The passenger car industry has been trying to build a global standard to measure and assess the levels of VOCs and FOGs in the cabin for many years, and work continues. Simon Robinson and Sarah Houlton report.
The traditional smell of a new car quite often depends where you are from. It is either the smell of success, or something rather unpleasant. The molecules that make up the smell may be the same, but people’s perception of that smell will vary depending on where in the world they are.
James Paul, global marketing manager at Evonik, explained that odour is a big topic for his company. ‘People want to reduce the odour inside the cabin, with strong pressure coming from China and Japan,’ he said. ‘In Europe, if you buy a vehicle and the interior smells of leather, you think of it as prestigious. In China, the demand is for no odour at all.’
It’s also an important subject for Huntsman. ‘From our perspective, everything to do with emissions is not a nice to have it is a right-to-play issue,’ said Irina Bolshakova, the company’s market manager for automotive and transportation in EMAI.
Huntsman’s approach to reducing the chances of developing VOC in the seat moulding process, she said, is to look at everything they can control within the materials for polyol blends and MDI. ‘This means we have looked at impurities and compounds that were intentionally added, such as formulation components, or things which were not [added deliberately], like contamination,’ she said. ‘These are the areas where we are working to reduce everything to a reasonable minimum. We make sure that we use intermediates and materials that have the minimum or make a minimum contribution to VOC creation.’
Evonik’s Paul said that this was a fairly common approach. ‘To reduce odour, formulators typically start with the main components first, such as polyols, before trying to eradicate odour from every single component, including additives,’ he said. ‘There’s a lot involved in trying to take down the odour rating.’
According to Bolshakova, Huntsman has extended this concept. ‘We conducted research internally to ensure there is a clear understanding what the primary and secondary sources of emissions are, and what are the effects of material degradation on the foams,’ she said. ‘This has given us a high confidence how we can meet growing OEM specifications.’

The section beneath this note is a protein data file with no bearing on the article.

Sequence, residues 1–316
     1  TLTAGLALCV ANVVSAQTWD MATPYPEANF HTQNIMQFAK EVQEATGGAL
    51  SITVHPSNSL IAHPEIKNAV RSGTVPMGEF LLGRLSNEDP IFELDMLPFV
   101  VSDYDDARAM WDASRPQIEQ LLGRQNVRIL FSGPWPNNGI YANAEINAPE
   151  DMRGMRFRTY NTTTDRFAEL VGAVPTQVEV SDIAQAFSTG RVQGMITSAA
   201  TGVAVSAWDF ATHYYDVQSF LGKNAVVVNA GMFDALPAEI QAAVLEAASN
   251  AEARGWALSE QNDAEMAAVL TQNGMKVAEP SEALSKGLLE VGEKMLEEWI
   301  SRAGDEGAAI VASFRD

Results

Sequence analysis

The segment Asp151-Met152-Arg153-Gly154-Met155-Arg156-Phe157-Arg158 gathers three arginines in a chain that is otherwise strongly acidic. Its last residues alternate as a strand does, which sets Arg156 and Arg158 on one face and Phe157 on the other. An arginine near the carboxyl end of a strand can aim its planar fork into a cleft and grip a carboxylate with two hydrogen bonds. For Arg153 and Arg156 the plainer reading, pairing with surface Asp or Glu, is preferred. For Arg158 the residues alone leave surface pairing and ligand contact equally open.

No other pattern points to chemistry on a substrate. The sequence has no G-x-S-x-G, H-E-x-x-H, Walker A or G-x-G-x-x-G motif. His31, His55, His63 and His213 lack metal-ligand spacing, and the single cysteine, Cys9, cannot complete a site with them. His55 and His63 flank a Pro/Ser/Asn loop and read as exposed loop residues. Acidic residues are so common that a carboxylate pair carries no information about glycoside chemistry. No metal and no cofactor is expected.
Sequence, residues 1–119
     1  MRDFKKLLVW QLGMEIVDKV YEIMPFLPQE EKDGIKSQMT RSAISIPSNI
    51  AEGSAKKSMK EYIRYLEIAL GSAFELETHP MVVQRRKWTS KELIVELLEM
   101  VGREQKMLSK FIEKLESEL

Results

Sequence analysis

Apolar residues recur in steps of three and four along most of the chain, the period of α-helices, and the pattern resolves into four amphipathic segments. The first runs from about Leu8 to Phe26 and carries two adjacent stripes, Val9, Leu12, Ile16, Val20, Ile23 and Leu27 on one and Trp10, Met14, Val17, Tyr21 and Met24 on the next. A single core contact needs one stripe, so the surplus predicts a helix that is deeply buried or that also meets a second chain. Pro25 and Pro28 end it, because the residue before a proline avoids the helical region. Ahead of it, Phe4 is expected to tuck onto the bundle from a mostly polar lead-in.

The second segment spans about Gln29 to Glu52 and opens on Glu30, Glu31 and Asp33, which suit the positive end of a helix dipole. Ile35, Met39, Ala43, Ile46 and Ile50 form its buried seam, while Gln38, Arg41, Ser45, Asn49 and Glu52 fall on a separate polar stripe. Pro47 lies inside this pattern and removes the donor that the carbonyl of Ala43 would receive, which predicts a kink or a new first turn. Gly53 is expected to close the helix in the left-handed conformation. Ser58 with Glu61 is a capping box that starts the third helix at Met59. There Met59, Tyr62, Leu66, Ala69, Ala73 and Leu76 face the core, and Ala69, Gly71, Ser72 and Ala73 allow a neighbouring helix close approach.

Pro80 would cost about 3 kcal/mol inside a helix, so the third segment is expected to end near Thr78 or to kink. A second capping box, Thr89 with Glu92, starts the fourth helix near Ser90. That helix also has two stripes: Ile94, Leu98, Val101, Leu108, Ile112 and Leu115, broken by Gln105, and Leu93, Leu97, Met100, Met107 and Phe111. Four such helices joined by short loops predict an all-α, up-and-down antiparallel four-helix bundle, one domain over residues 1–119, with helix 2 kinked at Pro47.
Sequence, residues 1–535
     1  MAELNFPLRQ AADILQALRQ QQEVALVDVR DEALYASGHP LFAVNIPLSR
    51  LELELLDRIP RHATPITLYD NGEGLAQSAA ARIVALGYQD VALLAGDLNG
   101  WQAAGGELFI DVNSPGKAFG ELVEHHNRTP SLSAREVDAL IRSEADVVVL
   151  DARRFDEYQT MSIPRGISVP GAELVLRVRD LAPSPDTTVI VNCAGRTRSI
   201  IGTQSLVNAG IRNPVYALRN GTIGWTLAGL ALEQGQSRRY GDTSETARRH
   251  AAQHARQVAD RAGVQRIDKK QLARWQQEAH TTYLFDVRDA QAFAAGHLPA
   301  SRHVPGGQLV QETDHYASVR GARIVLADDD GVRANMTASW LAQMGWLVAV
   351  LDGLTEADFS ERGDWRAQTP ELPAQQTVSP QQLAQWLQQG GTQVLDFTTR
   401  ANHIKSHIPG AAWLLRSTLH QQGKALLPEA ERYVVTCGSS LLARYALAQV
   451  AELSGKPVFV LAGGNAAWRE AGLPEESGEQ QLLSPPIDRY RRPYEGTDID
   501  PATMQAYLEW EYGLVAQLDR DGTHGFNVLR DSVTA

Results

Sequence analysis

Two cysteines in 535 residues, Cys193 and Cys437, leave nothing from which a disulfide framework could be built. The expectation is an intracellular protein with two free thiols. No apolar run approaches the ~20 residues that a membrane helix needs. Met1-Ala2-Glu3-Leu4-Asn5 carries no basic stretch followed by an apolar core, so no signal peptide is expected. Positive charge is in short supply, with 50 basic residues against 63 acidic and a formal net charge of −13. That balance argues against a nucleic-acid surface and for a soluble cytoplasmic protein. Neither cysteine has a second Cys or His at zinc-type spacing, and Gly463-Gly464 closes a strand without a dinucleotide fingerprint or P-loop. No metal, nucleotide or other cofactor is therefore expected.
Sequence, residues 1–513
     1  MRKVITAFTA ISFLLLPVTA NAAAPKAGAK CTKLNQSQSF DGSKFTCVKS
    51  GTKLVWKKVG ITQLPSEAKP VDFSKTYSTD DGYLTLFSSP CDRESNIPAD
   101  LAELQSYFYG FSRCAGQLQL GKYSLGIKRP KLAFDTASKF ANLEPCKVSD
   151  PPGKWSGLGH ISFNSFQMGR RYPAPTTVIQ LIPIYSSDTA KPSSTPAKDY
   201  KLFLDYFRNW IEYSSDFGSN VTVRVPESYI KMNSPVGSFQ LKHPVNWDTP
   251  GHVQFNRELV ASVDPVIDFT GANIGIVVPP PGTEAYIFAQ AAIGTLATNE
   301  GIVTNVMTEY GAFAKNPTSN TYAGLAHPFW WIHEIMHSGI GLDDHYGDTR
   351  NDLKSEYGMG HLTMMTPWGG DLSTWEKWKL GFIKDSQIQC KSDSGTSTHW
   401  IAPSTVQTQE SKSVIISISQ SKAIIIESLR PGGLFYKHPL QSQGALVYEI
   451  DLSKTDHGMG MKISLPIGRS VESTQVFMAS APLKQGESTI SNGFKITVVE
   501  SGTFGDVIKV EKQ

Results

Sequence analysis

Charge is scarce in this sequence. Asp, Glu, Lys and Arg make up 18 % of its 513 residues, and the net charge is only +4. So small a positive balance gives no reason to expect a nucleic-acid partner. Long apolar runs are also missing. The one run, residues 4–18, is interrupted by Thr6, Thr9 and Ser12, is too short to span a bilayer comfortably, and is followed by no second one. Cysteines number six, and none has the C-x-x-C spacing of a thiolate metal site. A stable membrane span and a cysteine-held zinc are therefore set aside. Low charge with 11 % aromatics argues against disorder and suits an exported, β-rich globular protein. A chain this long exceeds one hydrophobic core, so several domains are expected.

A number of chemicals have to be controlled; these are primarily acetaldehyde and formaldehyde precursors, and some flame retardants. ‘Unfortunately, VOC and FOG chemicals are not all created during the moulding process,’ she added. ‘That could be hard to manage, but would be a single stage in the process; their precursors can develop over time.’
Huntsman is also looking into materials manufacturing, storage and raw materials, she said. The aim is to exclude the negative effects of storage, and the possibility of contamination of raw materials. All of these could lead to an increase in the emissions.
Driving down aldehydes
Additive manufacturers are already aware of the need to reduce VOC and FOG levels. ‘Formulators are placing an ever-increasing focus on emissions, with a continuing drive to lower aldehyde levels,’ Evonik’s Paul said. ‘We have projects in place to further optimise our established DABCO NE catalyst range, and are developing new scavengers that can remove acetaldehyde and formaldehyde from systems.’
His colleague Eva Emmrich-Smolczyk, senior technical manager for automotive in EMEA, said it is important to remember that the perception of odour is more complicated than it might first appear. ‘To significantly improve it, you have to reduce the amount of odour-bearing substances by about 95%,’ she said. ‘It is a logarithmic function, and not a linear function. This has a big impact on the odour improvement process.’
Another important factor in odour is not only the concentration, but the threshold, she claimed. ‘You might already achieve a very low concentration of a substance, but the smell is so intense that even with such a low threshold it can still be smelled at a very low concentration,’ she said.
However, if that substance is an additive that is an important component of the formulation, it may not be possible to eliminate it – and the associated odour – completely. Another approach is to neutralise unwanted molecules. Evonik is close to launching a second-generation product that will be much more capable of scavenging all aldehyde types including formaldehyde and acetaldehyde. This has been developed using technology that Evonik acquired with its purchase of AirProducts in 2017.
Scavengers are designed to be used in formulations at levels which are typically between 0.2 and 1.0 parts per hundred polyol (pphp), depending on the polyol being used, Emmrich-Smolczyk said. They need to react with the aldehyde, without influencing the reactivity profile. ‘Our latest development has involved finding a substance which is process friendly and does not interfere with the kinetics of the polyurethane reaction,’ she said.
Like comparing the comfort of the seats, comparing smell is a direct, simple comparison that consumers can make between brand. So car makers, seat makers and raw material suppliers are searching for a level playing field with the interior smell of cars reduced to a minimum.